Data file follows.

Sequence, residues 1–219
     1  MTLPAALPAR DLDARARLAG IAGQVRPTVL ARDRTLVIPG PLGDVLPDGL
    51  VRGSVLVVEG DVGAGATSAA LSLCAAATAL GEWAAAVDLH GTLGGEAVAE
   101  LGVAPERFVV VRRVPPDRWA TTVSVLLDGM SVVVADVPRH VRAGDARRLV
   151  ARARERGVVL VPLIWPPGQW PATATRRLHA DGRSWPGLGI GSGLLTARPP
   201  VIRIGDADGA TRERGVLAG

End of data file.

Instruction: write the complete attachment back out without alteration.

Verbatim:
Sequence, residues 1–219
     1  MTLPAALPAR DLDARARLAG IAGQVRPTVL ARDRTLVIPG PLGDVLPDGL
    51  VRGSVLVVEG DVGAGATSAA LSLCAAATAL GEWAAAVDLH GTLGGEAVAE
   101  LGVAPERFVV VRRVPPDRWA TTVSVLLDGM SVVVADVPRH VRAGDARRLV
   151  ARARERGVVL VPLIWPPGQW PATATRRLHA DGRSWPGLGI GSGLLTARPP
   201  VIRIGDADGA TRERGVLAG